I am curious why you are avoiding the bent seat tube? I have found that offsetting the seat tube on the BB does not give you as much design freedom and can lead to complications: a much deeper ST-DT notch or strength problems.

Here are some additional resources:


Some companies/builders do steepen the seat tube just to clear the rear tire, which is a bit of a cop out. Enter bent/offset posts. Like @project12 i have seen and heard of frames breaking that have the seat tube attached directly to the down tube instead of the bb. I much prefer the bent seat tube for that reason - plus, it’s aesthetically pleasing. You can clear the tire and put the saddle in the right place. The only trick is you have to start thinking in terms of effective seat tube angle - and that depends on a specific saddle height. Not a big deal for a custom frame, but if you are a bigger company designing for a general rider it gets a little fuzzy around the edges.

My two cents: get a bent seat tube from @BikeFabSupply unless you want to bend your own.


You can see here how a small, sharp bend placed low on the seat tube creates the necessary clearance for the tire and also allows plenty of straight tube for a dropper post. At least a 185 mm dropper is possible in this size M frame. 425mm stays - could be shorter even.


Or get busy in Fusion and get yourself a bendy lug. At least for my full suspensions this is the way to go, as it also gives me the option to put a slighty heavier tube at the bottom where the main pivot is located and integrate the dropper port.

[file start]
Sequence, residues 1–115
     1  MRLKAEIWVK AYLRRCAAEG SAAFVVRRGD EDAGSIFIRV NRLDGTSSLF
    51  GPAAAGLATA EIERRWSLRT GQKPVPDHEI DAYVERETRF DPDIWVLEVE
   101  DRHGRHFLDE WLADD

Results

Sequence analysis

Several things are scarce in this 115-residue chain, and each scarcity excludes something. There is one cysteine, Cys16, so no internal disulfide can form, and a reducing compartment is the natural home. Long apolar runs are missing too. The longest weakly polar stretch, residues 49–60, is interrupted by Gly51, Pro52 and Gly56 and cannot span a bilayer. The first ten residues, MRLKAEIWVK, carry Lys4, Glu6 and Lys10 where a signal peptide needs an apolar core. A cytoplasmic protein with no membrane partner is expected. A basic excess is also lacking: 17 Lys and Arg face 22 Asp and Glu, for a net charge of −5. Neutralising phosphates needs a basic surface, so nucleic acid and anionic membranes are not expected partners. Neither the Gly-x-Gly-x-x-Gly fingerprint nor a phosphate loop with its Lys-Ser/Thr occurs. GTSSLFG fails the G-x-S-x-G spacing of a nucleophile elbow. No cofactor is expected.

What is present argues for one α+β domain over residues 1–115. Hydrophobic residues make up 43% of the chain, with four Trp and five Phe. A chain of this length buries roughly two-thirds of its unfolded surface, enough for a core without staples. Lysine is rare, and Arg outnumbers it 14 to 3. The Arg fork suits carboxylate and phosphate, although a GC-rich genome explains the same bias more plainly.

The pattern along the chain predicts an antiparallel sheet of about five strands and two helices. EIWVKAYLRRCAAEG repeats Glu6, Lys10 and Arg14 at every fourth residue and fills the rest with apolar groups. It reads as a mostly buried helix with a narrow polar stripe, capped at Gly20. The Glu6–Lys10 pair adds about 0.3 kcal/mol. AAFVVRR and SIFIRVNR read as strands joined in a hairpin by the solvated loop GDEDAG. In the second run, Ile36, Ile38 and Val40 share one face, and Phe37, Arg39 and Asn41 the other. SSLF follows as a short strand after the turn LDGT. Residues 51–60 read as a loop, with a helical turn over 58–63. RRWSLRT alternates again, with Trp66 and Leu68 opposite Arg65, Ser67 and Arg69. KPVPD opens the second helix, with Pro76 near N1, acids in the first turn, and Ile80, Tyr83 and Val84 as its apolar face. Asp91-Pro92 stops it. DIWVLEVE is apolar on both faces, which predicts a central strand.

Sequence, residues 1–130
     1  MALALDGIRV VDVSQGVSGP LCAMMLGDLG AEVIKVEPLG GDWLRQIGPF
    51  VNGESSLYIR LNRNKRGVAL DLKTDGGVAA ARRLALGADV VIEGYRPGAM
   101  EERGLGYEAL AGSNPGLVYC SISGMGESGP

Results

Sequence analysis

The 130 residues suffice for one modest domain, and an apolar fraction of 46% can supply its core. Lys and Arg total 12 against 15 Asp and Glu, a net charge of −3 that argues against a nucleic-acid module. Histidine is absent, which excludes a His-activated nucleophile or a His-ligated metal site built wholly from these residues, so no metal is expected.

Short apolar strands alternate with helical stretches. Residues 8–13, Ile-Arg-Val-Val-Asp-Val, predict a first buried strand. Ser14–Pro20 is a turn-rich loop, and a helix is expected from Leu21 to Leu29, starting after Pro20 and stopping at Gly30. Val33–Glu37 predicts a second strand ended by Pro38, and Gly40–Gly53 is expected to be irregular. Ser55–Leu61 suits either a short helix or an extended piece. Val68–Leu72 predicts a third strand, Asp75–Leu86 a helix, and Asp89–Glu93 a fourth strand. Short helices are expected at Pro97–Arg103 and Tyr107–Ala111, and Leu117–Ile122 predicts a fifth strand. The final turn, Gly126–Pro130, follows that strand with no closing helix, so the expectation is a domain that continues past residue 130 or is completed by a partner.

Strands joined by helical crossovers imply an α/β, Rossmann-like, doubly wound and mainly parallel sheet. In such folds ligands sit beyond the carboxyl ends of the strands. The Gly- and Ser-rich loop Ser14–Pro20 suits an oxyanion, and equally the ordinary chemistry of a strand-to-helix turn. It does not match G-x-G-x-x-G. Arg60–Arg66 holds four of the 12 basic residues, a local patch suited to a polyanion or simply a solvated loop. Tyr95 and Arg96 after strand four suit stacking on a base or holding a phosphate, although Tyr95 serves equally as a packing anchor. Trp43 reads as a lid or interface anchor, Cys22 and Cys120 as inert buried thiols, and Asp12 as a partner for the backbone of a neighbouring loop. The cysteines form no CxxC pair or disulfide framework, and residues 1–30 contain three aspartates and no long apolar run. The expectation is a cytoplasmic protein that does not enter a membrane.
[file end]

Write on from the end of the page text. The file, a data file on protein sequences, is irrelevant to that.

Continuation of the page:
Thanks ya’ll for the responses. I’ll reply to various questions/thoughts below:

Ah! I’m not avoiding the bent seat tube I’m trying to wrap my head around the decisions/styes/improvements that have occurred over the past 20-some years. I just don’t have knowledge base to wrap my head fully around the concepts yet nor do I have the technical skills (and youth) to push things to a conclusion.

My thought was really just: "What if I keep the top of the seat tube where it is and, instead of bending it, let it end up wherever it wants to (on the DT in my case).

Thanks for the links. Definitely helps solidify some of my thoughts. Interestingly, it seems that Peter V. has/had a similar idea.

Yeah for sure! eSTA is something I’ve been building around for my own weirdo stubby legs for a while now – but in reverse.

Yes! I definitely had this idea but for a HT and my riding level it seems a bit overkill atm.


If you want to keep it as simple as possible, just use part of the cutoff from your downtube as a gusset on top/almost around the lower end of the downtube and then put your seattube on it. I had zero issues with this solution. Another “trick” can be to use a T47 bracketshell and put the seattube all the way to the front. Just make sure you have some room for the downtube then.
I did similar thing with my Victor fully, but with a BSA shell and a reinforced sleeve. If you don’t that much of an offset this might just work.


Cool idea! Glad to know you have had success with this solution.